FacebookTwitterGoogle+RedditEmail

Prometheus: the Tea Party in Space

by JEFF SPARROW

In the late sixties and early seventies, the Swiss quack Erich von Daniken made a fortune peddling a hundred different iterations of his ‘Chariots of the Gods’ thesis, asserting that sundry unusual artifacts from prehistory provided proof of extraterrestrial intervention.

As everyone knows, the von Daniken hokum plays a central role in Prometheus, the dire new Ridley Scott movie. But what’s interesting is how Scott wrenches this ‘ancient astronauts’ hooey from its original context and re-articulates it for the epoch of the Tea Party.

Chariots of the Gods recognizably stems from the same milieu as Carlos Castanedas’ equally preposterous The Teachings of Don Juan, both of which appeared in 1968. The sixties radicalization fostered a surge of interest in Third World cultures and alternative spiritualties, and in his own demented way, von Daniken presented his research as a quest for truths ignored or suppressed by the mainstream of which the New Left had become understandably suspicious.

In Prometheus, by contrast, it’s not the establishment that’s dangerous – it’s knowledge itself.

Thus the specialistschosen to explore the mysteries of human origins react to their mission like frat boys interrupted on the way to a kegger. But it’s not simply that they’re so disinterested in the prospect of scientific discovery that, once inside the alien monument, you expect them to leave off surveying in order to light their own farts. It’s also that they’re shown as perfectly correct to jeer at the high-falutin’ theories that have spurred the mission: in this movie, curiosity inevitably results in a swift and grisly death.

In Scott’s version of the Greek myth, Prometheus got what was coming to him: the secret of fire belonged to our betters and man had no business messing with it. The film portrays inquiry as inherently suspect, with the most admirable characters openly refusing to learn anything about the new world around them.

‘I just fly the ship,’ says the captain, as if he’s driving a school bus rather than piloting an expedition into uncharted space. His subsequent self-sacrifice accords with the peculiar notion of heroism that has evolved over the last decade – the hero as a taciturn blue-collar everyman, intuitively hostile to the nonsense spouted by an overeducated elite. One thinks of Peggy Noonan’s infamous explanation of how, in the wake of 9/11, intellectualism departed, giving way to ‘masculine men, men who push things and pull things and haul things and build things.’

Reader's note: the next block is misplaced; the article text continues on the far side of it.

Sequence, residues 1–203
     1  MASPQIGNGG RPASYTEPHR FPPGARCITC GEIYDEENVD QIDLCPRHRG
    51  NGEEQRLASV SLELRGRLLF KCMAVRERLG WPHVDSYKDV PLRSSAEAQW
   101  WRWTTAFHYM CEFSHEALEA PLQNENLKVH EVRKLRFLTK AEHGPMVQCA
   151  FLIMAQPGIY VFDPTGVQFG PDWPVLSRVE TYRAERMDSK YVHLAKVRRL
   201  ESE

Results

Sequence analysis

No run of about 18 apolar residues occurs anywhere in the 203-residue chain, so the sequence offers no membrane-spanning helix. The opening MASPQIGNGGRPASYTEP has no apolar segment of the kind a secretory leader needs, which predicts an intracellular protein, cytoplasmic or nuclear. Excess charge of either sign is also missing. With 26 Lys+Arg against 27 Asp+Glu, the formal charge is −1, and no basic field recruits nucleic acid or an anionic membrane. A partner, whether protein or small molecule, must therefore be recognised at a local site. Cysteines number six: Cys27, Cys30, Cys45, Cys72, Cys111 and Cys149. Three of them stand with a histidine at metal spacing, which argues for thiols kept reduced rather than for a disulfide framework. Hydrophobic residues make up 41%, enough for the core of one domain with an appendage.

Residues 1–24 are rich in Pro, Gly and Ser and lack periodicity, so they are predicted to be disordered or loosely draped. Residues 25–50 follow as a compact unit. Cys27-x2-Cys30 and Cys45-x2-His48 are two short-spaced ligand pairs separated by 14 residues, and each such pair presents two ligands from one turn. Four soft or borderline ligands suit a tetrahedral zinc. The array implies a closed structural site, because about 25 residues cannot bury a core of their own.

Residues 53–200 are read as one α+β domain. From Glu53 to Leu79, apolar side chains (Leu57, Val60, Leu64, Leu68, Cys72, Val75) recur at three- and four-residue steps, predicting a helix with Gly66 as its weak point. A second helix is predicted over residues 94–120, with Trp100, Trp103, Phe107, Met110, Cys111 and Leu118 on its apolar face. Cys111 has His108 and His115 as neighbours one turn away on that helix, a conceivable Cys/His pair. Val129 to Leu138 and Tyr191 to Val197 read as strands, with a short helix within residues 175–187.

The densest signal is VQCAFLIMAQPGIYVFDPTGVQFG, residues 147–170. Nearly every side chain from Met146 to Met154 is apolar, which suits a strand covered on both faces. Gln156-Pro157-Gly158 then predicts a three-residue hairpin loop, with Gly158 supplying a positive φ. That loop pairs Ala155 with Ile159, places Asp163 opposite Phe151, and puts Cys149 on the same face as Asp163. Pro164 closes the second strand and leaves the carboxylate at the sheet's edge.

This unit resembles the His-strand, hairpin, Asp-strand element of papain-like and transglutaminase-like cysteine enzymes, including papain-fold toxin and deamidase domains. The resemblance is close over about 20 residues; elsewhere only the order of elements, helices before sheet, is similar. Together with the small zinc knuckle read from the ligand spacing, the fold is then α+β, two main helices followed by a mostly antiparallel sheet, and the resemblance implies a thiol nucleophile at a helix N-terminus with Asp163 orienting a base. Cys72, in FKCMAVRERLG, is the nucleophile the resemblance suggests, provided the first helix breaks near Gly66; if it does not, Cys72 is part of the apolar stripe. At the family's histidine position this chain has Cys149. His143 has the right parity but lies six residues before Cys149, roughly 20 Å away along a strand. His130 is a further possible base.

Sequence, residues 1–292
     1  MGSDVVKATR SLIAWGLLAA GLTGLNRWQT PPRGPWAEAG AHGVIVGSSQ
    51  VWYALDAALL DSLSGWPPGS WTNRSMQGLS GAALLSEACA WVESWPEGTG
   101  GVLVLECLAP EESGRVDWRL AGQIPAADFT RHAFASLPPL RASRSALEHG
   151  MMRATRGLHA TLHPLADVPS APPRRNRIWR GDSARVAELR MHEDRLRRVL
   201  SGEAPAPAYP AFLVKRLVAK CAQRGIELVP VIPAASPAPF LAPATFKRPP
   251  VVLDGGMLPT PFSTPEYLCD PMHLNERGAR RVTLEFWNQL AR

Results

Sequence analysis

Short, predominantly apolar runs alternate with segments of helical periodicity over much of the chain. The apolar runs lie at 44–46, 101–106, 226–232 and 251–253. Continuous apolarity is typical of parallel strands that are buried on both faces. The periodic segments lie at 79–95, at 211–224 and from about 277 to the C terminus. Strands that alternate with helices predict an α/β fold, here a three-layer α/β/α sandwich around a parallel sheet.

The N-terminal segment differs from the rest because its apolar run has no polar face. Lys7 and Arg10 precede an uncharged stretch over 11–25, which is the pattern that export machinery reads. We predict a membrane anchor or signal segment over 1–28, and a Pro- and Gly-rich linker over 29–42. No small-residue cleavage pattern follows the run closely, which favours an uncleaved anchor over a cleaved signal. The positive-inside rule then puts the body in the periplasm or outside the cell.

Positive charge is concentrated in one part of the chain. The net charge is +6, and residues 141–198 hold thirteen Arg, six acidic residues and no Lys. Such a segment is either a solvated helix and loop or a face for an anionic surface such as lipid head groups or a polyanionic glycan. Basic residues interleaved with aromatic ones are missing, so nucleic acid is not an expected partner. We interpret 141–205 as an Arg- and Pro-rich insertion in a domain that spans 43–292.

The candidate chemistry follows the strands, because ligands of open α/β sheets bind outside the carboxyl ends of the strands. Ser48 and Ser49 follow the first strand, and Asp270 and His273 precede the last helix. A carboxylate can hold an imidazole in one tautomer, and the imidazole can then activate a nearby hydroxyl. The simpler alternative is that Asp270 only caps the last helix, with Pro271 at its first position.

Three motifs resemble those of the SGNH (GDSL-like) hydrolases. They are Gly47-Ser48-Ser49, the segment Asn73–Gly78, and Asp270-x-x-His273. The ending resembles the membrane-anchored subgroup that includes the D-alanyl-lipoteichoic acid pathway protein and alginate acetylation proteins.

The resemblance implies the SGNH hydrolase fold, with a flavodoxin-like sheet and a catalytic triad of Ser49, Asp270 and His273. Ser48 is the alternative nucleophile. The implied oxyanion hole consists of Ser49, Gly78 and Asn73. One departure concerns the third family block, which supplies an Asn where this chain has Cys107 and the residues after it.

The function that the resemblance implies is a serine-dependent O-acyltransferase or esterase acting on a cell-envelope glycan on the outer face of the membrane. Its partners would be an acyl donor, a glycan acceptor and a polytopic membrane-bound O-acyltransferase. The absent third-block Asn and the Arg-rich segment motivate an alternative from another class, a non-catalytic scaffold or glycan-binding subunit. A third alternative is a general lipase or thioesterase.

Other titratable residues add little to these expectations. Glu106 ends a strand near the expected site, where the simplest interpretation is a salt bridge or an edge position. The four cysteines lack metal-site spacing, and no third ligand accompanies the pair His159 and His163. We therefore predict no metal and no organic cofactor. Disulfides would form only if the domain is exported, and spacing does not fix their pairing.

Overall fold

And then there’s the film’s treatment of religion.

Von Daniken’s thesis, at least in its early incarnation, expressed a sixties’ skepticism about traditional Christianity, since the attribution of ancient cave paintings and Biblical scriptures to the same alien source provided an obvious challenge to conventional dogma.

In Prometheus, on the other hand, the ancient astronauts actually confirm the faith of thecentral character, Elizabeth, largely, it seems, on the basis that the extraterrestrial role in shaping humanity discredits Darwinism, the eternalbête noire of the fundamentalist right. When her drippy boyfriend suggests that proof of interstellar beings manufacturing humanity poses a teensy problem for believers (ya think?), Elizabeth shoots back, like Sarah Palin sassing the New York Times: ‘Well, who made them?’

As James Bradley points out, the religiousity that runs throughout the movie is immediately identifiable as the pop Christianity associated with conservative megachurches, a creed that can assimilate any kind of woo hoo into its theology. For manyAmericans, religion now entails less a coherent set of doctrines than a homemade assemblage scrabbled together from TV evangelists and the Left Behind books and Hallmark cards about angels and whatever else comes tohand, and so there’s no reason why identifying God as a cosmic astronaut should pose any particular dilemma.

‘It’s what I choose to believe,’ says Elizabeth, neatly voicing the contemporary sense that sincerity matters more than truth. ‘True for me’ is, of course, a notion entirely at odds with 2000 years of Christianity, and thus an illustration of the paradoxical secularism now embedded in so much contemporary religion. As we learned during the Bush years, even (or perhaps especially) for fundamentalists, truth has given way for what Stephen Colbert calls ‘truthiness’, a knowledge that resides in the gut rather in the brain, a way of understanding the world that depends more on emotion than intellect.